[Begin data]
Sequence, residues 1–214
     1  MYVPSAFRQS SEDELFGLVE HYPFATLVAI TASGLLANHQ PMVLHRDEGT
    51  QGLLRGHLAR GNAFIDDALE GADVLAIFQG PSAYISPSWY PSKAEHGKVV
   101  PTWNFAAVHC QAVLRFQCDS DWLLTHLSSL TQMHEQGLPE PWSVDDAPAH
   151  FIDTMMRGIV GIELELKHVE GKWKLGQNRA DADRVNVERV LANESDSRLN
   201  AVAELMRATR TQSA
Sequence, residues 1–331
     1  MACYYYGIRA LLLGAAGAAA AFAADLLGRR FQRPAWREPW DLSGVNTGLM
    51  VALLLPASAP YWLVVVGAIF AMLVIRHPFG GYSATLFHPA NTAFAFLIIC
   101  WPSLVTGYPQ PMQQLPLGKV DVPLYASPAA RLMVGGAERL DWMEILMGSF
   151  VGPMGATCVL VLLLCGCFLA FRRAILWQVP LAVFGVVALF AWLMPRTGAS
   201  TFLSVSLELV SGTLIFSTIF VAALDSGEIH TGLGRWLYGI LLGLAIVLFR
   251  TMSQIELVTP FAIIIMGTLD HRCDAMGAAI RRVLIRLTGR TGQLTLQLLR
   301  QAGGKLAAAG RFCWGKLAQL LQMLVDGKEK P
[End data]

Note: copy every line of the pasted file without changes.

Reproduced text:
Sequence, residues 1–214
     1  MYVPSAFRQS SEDELFGLVE HYPFATLVAI TASGLLANHQ PMVLHRDEGT
    51  QGLLRGHLAR GNAFIDDALE GADVLAIFQG PSAYISPSWY PSKAEHGKVV
   101  PTWNFAAVHC QAVLRFQCDS DWLLTHLSSL TQMHEQGLPE PWSVDDAPAH
   151  FIDTMMRGIV GIELELKHVE GKWKLGQNRA DADRVNVERV LANESDSRLN
   201  AVAELMRATR TQSA
Sequence, residues 1–331
     1  MACYYYGIRA LLLGAAGAAA AFAADLLGRR FQRPAWREPW DLSGVNTGLM
    51  VALLLPASAP YWLVVVGAIF AMLVIRHPFG GYSATLFHPA NTAFAFLIIC
   101  WPSLVTGYPQ PMQQLPLGKV DVPLYASPAA RLMVGGAERL DWMEILMGSF
   151  VGPMGATCVL VLLLCGCFLA FRRAILWQVP LAVFGVVALF AWLMPRTGAS
   201  TFLSVSLELV SGTLIFSTIF VAALDSGEIH TGLGRWLYGI LLGLAIVLFR
   251  TMSQIELVTP FAIIIMGTLD HRCDAMGAAI RRVLIRLTGR TGQLTLQLLR
   301  QAGGKLAAAG RFCWGKLAQL LQMLVDGKEK P